All About G-Flux

All About G-Flux

By Ryan Andrews

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What is G-Flux?

It’s a basic law of the universe: Energy can’t be created nor destroyed, only converted. As physiological systems, we are always balancing energy.

We bring energy in through calories in what we eat. We expend energy to sustain metabolic functions and our activity. Thus, energy in = food; energy out = life and movement.

G-Flux, otherwise known as energy flux, is the complex and interdependent relationship between the energy that flows into and out of a physiological system. It’s the balance between the two. You can also think of it as the amount of calories you “turn over”.

energy-balance

Why is G-Flux so important?

To achieve optimal body composition and health, it is essential to find the right balance between energy intake and expenditure. Keeping G-flux high is vital to maintaining a lean body and staying strong, functional, and healthy.

Increased G-Flux

If you increase G-Flux through exercise, nutrition, and supplementation, then you’ll enjoy:

  • simultaneous increases in lean mass and losses in fat mass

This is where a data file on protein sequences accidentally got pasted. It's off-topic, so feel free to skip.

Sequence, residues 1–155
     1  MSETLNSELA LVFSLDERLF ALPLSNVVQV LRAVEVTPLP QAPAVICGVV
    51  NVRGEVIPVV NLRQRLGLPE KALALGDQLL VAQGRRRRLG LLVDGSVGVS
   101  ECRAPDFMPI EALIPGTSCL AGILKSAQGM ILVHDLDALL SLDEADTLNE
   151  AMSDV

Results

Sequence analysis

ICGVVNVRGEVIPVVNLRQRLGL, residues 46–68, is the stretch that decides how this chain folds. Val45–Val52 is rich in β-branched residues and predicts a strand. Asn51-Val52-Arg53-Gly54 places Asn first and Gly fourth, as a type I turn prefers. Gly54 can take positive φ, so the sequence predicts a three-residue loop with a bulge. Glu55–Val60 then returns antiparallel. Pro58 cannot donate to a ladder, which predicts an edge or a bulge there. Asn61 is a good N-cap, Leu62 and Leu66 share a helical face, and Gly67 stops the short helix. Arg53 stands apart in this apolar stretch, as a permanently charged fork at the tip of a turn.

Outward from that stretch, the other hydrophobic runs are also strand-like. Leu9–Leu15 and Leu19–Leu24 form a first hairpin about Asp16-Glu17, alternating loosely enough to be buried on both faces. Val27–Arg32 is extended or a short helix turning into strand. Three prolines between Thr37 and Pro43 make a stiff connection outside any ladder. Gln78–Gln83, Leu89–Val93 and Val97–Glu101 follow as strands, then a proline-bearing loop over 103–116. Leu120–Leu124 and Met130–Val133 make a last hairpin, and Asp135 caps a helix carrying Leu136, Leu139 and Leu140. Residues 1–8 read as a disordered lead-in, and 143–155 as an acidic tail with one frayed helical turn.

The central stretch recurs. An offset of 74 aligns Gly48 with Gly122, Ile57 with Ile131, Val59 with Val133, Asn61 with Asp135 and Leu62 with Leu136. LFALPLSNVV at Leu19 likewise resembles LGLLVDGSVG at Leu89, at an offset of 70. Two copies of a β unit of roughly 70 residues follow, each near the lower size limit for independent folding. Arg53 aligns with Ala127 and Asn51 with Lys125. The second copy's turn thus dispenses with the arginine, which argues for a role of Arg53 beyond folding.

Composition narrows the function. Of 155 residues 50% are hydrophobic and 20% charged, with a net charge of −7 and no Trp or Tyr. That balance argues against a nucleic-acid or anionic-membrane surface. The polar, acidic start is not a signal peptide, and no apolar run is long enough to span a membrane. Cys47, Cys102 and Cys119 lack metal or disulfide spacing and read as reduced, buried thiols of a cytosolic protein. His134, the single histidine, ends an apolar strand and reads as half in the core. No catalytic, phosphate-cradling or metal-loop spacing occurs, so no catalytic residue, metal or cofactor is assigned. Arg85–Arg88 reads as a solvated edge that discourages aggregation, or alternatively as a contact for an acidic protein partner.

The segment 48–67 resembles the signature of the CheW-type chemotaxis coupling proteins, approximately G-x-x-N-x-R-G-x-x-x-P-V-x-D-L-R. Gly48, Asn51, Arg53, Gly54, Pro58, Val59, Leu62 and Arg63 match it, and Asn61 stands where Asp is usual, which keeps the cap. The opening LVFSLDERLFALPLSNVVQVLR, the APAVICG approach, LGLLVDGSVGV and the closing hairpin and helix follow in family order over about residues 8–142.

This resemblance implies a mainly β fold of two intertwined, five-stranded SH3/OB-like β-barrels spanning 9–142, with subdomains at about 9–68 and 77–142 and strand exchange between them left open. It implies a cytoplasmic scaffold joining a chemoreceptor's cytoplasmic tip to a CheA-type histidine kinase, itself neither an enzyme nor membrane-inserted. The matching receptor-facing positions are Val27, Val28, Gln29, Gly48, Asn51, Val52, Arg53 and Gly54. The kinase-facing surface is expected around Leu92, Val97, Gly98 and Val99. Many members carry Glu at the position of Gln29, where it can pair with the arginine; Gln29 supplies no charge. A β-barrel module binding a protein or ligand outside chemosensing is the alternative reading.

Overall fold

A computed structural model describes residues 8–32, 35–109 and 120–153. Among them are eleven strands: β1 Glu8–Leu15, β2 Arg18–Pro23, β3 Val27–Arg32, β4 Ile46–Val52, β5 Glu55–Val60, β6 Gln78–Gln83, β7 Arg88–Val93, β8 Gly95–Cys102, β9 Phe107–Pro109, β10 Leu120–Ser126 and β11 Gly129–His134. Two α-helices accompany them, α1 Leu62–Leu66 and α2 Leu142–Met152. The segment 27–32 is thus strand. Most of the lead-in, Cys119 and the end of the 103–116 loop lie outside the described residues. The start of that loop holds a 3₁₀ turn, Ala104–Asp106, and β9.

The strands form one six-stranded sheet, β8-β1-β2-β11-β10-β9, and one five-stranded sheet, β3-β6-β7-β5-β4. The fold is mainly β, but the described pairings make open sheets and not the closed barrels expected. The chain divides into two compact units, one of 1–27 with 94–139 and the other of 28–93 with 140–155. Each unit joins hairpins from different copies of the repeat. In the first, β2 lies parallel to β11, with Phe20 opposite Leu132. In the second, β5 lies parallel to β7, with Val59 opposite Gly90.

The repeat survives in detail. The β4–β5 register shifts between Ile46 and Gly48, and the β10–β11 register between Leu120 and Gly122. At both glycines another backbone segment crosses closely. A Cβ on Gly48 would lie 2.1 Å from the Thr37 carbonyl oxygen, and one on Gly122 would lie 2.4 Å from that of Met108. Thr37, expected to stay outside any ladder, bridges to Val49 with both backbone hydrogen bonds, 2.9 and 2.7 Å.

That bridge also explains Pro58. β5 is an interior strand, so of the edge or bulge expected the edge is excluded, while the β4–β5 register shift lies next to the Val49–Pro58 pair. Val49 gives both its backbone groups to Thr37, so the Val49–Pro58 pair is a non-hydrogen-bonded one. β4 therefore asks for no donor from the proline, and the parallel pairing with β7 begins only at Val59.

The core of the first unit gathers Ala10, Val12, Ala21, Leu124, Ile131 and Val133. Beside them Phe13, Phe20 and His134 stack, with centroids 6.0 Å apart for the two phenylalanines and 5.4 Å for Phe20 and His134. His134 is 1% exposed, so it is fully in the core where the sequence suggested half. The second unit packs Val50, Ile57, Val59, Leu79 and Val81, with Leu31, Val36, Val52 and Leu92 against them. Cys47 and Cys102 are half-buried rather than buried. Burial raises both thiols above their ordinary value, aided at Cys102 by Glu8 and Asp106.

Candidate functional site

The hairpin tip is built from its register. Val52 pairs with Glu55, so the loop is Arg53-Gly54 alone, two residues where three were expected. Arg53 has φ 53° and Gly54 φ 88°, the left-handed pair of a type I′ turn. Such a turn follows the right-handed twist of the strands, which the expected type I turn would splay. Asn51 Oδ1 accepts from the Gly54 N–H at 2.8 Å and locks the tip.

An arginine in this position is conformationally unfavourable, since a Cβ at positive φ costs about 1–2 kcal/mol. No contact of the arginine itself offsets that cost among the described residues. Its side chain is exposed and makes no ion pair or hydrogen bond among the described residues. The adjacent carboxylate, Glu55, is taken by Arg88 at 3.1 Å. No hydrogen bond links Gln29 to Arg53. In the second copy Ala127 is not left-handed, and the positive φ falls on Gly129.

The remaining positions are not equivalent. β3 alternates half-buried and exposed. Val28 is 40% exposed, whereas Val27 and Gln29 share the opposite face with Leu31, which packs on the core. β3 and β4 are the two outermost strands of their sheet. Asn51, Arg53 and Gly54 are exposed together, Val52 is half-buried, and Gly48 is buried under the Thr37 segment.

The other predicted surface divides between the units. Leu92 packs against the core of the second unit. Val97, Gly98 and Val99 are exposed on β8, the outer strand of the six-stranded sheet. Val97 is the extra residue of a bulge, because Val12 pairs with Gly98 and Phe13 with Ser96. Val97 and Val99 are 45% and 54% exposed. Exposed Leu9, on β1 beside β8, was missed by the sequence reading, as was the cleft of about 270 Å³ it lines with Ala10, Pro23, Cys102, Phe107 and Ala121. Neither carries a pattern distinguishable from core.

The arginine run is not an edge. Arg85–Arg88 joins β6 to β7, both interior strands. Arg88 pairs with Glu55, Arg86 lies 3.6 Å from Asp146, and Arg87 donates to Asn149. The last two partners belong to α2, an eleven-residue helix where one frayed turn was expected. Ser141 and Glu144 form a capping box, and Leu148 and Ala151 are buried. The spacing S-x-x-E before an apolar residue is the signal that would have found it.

• increased metabolic rate
  • more rapid adaptations to training stress
  • better recovery
  • improved health
  • increased sympathetic nervous system (SNS) activity
  • improved nutrient partitioning (in other words, what your body does with what you eat)
  • improved micronutrient delivery (in other words, vitamins, minerals, and phytonutrients get where they need to go)
  • increased tissue remodeling and turnover

Decreased G-Flux

However, we can also decrease G-Flux through inactivity, poor nutrition, and age-related  muscle wasting (i.e. sarcopenia).

Starting between the ages of 25 and 30, most people lose roughly 5 to 10 pounds of muscle during each decade of life. Muscle is metabolically active, which means is needs a lot of calories just to maintain itself.

Thus, as we lose muscle, our metabolic rate can dwindle too. Not good.

The average person who becomes less active and loses muscle as they age can experience a 20 to 25 percent reduction in 24-hour metabolism by the time they turn 65 years old. This can result in a metabolic drop of around 500 calories.

RMR x sex over lifespan copy

In essence, when G-Flux goes down, so does our ability to use nutrients effectively and beneficially.

What you should know about G-Flux

Often, when someone thinks of energy balance, they envision a single point that doesn’t change. The fascinating thing is that energy balance is always in flux. Finding the best energy balance point leads to a higher metabolic rate and a lean and healthy body.

With G-Flux, physiology can be profoundly changed — regardless of the energy-balance state or that input-output number.